The above belittling of Al Mariam uncovers that he has no information on contemporary developments on the Nile since the establishment of the Nile Basin Initiative, or his piece is something collected from hearsay. For obvious reasons at this point I thought it would be nice for him if he did visit the cyber world to have information about some projects of the Nile Basin Initiative, at least from their website before posting this piece. The power to be produced from the Grand Renaissance Dam is for both internal consumption and for export. That is true. But the question is, however, where is the insult and where is the nonsensicality of this plan because it is stated by the government of Ethiopia that Egypt and the Sudan will buy the power generated? There is a very general plan and project to build power interconnections across the whole Nile Basin even to South Africa, which is supported by the International Financial Institutions. One of the projects of the Eastern Nile Subsidiary Action Program of the Nile Basin Initiative is for instance Ethiopia-Sudan Transmission Interconnection, which is a plan to provide low cost electricity to the countries. In addition to this there is a mega project on the Shared Vision Program of the Nile Basin Initiative on Regional Power Trade. Here the following is taken from the Initiatives website about this program: The Development objective of the Regional Power Trade Project (RPT) is “to facilitate the development of regional power markets among the Nile Basin countries” with the long term goal of “contributing to poverty reduction in the region by assisting the NBI countries in developing the tools for improving access to reliable, low cost, sustainably generated power”.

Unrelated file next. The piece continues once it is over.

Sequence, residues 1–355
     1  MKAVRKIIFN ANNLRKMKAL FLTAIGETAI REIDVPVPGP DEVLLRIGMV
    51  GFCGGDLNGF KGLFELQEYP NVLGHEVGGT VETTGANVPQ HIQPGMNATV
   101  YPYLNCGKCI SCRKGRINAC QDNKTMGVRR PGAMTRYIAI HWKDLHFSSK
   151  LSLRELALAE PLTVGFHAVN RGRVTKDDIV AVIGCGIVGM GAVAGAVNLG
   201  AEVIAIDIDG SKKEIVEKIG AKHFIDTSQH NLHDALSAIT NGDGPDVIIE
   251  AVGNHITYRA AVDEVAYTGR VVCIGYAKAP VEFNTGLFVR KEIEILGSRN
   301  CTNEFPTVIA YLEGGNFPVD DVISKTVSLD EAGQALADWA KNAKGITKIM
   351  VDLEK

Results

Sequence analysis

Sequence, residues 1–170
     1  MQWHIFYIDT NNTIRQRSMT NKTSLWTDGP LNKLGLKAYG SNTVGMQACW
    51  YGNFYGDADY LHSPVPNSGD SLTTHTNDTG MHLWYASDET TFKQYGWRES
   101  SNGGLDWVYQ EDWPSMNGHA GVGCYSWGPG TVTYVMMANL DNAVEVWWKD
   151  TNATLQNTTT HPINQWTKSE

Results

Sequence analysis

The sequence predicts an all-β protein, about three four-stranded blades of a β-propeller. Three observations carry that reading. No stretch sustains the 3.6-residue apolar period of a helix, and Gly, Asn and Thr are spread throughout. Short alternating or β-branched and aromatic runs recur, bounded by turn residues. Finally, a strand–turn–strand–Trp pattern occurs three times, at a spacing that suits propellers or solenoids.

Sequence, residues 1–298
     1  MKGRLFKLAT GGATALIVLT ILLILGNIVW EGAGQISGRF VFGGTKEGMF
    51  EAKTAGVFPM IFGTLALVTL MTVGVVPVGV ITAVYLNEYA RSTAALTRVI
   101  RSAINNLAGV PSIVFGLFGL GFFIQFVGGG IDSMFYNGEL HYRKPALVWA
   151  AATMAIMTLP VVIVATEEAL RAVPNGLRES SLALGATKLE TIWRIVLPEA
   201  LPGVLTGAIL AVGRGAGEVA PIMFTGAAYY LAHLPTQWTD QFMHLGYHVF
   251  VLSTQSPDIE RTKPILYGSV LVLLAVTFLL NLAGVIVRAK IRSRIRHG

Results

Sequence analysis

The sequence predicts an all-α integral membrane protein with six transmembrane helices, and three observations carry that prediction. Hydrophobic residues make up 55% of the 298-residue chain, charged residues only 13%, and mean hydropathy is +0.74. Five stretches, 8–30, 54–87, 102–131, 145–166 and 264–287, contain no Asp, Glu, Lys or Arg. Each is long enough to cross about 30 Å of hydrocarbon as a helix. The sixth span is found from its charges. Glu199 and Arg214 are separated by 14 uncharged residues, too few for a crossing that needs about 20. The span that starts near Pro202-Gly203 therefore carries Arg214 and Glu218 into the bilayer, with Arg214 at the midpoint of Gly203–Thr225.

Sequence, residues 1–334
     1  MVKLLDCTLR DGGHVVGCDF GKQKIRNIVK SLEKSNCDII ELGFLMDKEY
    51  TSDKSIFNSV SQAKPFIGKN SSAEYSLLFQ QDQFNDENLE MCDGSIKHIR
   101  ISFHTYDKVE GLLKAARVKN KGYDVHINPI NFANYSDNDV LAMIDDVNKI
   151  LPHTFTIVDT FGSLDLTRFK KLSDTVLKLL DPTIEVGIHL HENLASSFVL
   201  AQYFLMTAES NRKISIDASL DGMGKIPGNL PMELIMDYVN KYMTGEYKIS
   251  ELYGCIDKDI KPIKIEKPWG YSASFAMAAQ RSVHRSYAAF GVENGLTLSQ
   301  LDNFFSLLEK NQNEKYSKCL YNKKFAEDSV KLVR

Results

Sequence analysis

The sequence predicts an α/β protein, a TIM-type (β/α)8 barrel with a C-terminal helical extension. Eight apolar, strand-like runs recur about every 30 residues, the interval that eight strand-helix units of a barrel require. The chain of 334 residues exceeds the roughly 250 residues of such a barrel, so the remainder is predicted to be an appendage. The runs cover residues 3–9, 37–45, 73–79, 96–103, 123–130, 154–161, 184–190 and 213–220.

If riparian countries of the Nile open their eyes and develop the trust and confidence between them, the construction of the dam is a blessing for all. What is lacking in the Nile Basin today is trust as the history of the Basin is characterized by civil wars, water war bluffing, mutual intervention and mutual suspicion. These all are results of historical and political constructions since the time of the Ottoman Turks through the British then in post-colonial eras. But these constructions are to be vanquished as time goes by and what we are observing is that. Countries are negotiating on a round table and obstacle regimes like Hosni Mubarak are gone. There is opportunity to establish, enhance and cement the emerging trust between the Basin states.